What's your guess? You might be more right than you think:

About.com geography lists these most spoken languages from 2007
1. Mandarin Chinese - 882 million
2. Spanish - 325 million
3. English - 312-380 million
4. Arabic - 206-422 million
5. Hindi - 181 million
6. Portuguese - 178 million
7. Bengali - 173 million
8. Russian - 146 million
9. Japanese - 128 million
10. German - 96 million

But here's another site that explains the complications of coming up with any real data and offers a list of interpretations: http://www2.ignatius.edu/faculty/turner/languages.htm

Friday, February 13, 2009

Starting Kindergarten

Last week I had subbed in the kindergarten classroom of the teacher who had taught both Maia and Chongo for kindergarten. It was fun to be reminded of Ms. B's teaching style and the ideas she brought to the classroom. And it took me back to Chongo's first day of kindergarten. I couldn't help but remember the trepidation I felt watching that beloved boy climb the stairs into her classroom chanting under his breath, "I'm scared, I'm scared, I'm scared."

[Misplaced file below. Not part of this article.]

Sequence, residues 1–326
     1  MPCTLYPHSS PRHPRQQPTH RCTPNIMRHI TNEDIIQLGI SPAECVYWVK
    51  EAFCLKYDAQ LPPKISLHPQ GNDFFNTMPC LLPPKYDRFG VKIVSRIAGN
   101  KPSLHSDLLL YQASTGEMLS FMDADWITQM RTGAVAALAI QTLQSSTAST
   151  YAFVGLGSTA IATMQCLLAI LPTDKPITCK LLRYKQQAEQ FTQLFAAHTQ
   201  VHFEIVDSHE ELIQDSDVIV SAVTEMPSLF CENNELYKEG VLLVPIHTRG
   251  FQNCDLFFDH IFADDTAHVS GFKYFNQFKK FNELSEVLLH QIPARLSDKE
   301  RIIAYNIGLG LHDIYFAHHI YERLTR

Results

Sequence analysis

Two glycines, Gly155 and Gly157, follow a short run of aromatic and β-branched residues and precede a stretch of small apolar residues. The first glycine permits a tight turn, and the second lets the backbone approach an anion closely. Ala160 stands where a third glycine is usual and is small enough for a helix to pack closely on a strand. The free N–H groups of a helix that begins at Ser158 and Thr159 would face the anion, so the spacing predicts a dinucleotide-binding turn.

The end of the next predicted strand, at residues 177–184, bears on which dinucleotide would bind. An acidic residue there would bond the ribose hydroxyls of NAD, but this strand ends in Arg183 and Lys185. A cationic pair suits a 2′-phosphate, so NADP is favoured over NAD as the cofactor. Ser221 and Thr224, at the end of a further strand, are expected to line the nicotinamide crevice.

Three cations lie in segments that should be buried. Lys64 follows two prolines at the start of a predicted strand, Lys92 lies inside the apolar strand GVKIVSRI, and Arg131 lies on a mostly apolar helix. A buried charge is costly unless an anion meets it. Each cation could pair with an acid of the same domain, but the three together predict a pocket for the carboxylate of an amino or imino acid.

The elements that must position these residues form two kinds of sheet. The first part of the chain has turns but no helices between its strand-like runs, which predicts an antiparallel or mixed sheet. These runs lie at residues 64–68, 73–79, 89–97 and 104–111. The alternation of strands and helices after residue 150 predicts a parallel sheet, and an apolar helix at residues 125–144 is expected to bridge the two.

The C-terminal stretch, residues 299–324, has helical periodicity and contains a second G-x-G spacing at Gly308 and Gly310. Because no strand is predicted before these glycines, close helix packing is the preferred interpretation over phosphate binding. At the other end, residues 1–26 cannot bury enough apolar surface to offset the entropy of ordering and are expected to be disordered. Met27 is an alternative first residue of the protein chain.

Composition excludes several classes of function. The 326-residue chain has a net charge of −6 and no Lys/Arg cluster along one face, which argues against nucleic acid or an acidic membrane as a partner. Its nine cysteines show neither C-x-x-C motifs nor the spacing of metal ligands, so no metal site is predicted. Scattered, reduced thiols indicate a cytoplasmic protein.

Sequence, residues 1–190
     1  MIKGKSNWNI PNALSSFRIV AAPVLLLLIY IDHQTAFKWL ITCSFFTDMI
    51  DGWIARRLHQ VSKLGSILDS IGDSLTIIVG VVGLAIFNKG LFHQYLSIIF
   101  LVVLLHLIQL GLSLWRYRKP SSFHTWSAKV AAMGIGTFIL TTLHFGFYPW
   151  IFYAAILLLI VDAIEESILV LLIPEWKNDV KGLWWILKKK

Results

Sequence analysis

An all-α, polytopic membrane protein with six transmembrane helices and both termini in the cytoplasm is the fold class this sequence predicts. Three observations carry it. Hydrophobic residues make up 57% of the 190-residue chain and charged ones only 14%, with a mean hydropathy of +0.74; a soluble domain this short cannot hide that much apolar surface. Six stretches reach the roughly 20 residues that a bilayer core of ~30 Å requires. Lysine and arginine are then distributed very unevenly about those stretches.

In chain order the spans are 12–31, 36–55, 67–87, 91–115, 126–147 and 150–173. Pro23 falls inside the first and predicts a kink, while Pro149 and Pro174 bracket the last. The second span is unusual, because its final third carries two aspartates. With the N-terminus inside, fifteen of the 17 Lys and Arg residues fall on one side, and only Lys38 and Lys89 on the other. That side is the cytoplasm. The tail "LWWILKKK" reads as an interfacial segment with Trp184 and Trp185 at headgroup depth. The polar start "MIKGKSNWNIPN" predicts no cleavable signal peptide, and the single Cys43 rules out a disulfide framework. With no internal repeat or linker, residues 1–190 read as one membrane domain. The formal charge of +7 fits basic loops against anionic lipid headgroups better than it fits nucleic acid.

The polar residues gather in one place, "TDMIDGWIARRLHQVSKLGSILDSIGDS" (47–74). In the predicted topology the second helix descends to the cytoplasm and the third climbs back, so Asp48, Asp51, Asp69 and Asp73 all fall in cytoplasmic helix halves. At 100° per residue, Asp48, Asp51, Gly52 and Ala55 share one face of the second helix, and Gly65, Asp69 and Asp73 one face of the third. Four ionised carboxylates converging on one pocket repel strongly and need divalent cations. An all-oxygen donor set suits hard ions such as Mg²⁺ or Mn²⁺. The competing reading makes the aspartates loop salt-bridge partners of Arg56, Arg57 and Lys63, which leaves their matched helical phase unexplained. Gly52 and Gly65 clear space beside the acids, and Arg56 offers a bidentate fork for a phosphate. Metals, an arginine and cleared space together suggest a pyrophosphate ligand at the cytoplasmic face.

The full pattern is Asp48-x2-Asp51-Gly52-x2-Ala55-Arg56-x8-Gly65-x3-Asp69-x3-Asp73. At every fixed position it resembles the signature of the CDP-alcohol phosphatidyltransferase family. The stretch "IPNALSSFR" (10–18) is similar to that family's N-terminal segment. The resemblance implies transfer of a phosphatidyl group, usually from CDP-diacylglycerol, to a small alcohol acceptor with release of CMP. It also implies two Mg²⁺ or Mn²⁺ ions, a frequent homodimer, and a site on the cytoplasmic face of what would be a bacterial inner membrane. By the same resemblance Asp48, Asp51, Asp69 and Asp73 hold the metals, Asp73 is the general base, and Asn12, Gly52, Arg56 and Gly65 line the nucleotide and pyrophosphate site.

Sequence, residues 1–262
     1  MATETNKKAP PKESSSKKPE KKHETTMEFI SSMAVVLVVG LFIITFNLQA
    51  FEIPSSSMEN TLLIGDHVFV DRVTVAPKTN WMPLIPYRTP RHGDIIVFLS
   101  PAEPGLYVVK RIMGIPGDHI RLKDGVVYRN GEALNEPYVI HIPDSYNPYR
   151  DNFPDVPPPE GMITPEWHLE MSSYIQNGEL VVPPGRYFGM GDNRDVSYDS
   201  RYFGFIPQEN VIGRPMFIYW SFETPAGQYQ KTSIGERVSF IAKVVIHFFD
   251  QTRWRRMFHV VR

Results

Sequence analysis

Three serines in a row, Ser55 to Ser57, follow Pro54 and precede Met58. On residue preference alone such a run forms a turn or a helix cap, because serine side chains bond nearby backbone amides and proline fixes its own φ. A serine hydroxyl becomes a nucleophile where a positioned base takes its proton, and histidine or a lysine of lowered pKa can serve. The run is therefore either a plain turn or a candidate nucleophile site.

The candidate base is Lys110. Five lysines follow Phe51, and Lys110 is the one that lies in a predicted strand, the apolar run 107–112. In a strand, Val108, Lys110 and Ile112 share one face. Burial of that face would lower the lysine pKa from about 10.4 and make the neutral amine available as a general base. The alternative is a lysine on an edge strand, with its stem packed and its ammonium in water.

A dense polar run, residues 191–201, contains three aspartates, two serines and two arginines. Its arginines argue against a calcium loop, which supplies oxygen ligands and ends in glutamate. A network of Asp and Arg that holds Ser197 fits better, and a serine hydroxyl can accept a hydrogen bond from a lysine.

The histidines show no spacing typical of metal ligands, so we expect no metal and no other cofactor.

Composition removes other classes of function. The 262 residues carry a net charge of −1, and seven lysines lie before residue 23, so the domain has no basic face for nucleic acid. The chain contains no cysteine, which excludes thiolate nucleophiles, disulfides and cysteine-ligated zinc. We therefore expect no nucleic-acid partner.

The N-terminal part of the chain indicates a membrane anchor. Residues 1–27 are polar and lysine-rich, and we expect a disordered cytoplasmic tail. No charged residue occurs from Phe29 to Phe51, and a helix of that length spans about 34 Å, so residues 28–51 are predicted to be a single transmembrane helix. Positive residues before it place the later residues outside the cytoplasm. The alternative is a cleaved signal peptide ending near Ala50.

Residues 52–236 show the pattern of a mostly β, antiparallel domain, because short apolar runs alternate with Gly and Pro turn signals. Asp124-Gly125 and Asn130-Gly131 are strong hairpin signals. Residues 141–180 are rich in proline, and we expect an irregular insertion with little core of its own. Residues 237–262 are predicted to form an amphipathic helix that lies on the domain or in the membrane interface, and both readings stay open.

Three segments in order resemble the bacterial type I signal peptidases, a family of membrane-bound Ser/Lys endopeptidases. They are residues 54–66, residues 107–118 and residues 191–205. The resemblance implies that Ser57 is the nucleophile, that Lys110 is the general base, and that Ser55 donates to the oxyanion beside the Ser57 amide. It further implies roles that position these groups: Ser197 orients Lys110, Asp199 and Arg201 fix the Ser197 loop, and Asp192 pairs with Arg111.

I didn't worry about his ability to succeed at learning. What I feared was what might be lost of him in the process. If he really did get along, if he really did do as he was told who would he become? Would anyone recognize the hidden beauty of him? The Chongo-ness that sometimes required special glasses to appreciate. It may be a generalization, but there is some truth to the fact that only your mother can really appreciate who you are. Everyone else just wants you to follow the rules and not raise a ruckus. This can be especially true in school, and I woke at night terrified that sending him into the school "system" might be wrong.